Native seed demand challenges for Australian farmers

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Native seed demand challenges for Australian farmers

The market for native tree seedlings is booming and seed suppliers are having difficulty keeping up with mining companies' carbon offsets and farmers' land restoration projects.

In Beverley, south-east of Perth, native seed farmer and Ballardong Noongar man Oral McGuire is working to meet that demand by combining regenerative and traditional land management practices.

He said there was a significant 50 per cent or more shortfall of native tree seed today.

We're already at risk of not fulfilling what is needed for carbon offsets or rehabilitation projects. He has been planting trees on his Beverley farm for 14 years, employing local Aboriginal people to harvest seeds for future plantings.

More Australian landholders have started planting trees to earn carbon credits, offset emissions, and reap the benefits of tree cover on farms.

McGuire is a director at the Noongar Land Enterprise NLE Group, an Aboriginal farming collective that runs a tree seedling nursery using seeds from his farm.

The NLE is planning to triple the nursery's output because of the demand for native seed.

Production manager David Collins said that this year, we planted one million cells of native tree seed and we're looking to bump that up to at least two-and-a-half, three million.

Once grown into seedlings, the trees are sold and planted by Noongar rangers elsewhere in Western Australia's Wheatbelt region.

As well as expanding the existing nursery, Alan Beattie, the company's chief executive, said he planned to establish more tree nurseries across the country, which stretched more than 1,000 kilometres from Geraldton to the Esperance region.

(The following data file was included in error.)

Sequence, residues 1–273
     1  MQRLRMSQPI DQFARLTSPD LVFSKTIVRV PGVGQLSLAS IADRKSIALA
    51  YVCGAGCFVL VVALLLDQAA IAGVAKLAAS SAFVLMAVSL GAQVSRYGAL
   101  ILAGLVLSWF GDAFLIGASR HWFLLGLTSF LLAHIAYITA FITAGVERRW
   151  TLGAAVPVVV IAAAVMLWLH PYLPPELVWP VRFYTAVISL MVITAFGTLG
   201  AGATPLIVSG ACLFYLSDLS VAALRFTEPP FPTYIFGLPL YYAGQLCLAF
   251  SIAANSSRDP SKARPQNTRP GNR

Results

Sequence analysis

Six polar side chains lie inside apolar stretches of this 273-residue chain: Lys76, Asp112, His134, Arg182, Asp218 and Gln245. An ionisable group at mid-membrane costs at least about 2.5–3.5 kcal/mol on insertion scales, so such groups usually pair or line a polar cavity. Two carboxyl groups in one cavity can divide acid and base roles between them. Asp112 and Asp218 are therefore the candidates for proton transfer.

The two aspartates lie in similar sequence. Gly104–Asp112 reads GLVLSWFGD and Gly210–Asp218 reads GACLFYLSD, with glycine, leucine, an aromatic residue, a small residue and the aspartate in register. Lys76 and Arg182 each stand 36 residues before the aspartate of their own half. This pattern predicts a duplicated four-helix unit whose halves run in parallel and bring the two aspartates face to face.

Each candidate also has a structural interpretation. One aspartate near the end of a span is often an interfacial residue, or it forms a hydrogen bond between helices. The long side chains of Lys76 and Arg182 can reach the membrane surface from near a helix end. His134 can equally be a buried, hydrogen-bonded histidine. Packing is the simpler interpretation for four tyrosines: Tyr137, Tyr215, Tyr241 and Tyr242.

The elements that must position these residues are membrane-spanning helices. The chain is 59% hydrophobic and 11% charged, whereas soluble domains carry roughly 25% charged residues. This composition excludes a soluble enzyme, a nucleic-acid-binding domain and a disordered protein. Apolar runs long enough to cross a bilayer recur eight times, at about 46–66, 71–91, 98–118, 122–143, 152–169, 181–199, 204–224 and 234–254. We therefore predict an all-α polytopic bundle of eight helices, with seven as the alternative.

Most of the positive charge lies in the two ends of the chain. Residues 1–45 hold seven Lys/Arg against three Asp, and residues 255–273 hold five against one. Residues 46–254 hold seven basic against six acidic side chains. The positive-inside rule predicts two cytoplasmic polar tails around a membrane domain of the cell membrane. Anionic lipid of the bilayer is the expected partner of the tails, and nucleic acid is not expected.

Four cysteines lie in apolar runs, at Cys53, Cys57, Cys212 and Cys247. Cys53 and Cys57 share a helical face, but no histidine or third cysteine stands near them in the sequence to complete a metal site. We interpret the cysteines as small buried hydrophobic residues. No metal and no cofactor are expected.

I think we will need 300 plus people in a couple of years to meet those demands.

Aboriginal people will be able to find employment opportunities in Noongar country through the services provided by those services. The right trees for the job are the right trees.

Starting new nurseries is the easiest way to grow more tree species that are adaptable to different climates, because it makes it possible to grow more tree species.

The country in Wheatbelt changes a lot, if you go south, north, east or west, Mr McGuire said.

In 2020, Macquarie University researcher Nola Hancock co-authored a report on Australia's native seed supply, which found wild trees were struggling to produce enough seed for land restoration projects.

She advocated for more seed to be farmed from diverse regions to reduce the burden on wild-harvesting and boost the genetic diversity of the trees.

If tree seeds aren't genetically diverse, it becomes a spiral of inbreeding and depression and as each generation comes along it deteriorates further, Ms Hancock said.

She said that if tree planting projects were to succeed, they needed to be ready for decades of unpredictable climate to come.

You could get some seed from a town or a region where it's two degrees warmer, and get some seed from there, said Ms Hancock.

You might get a bit from there if it's one degree warmer.

It's kind of a bet-hedging strategy.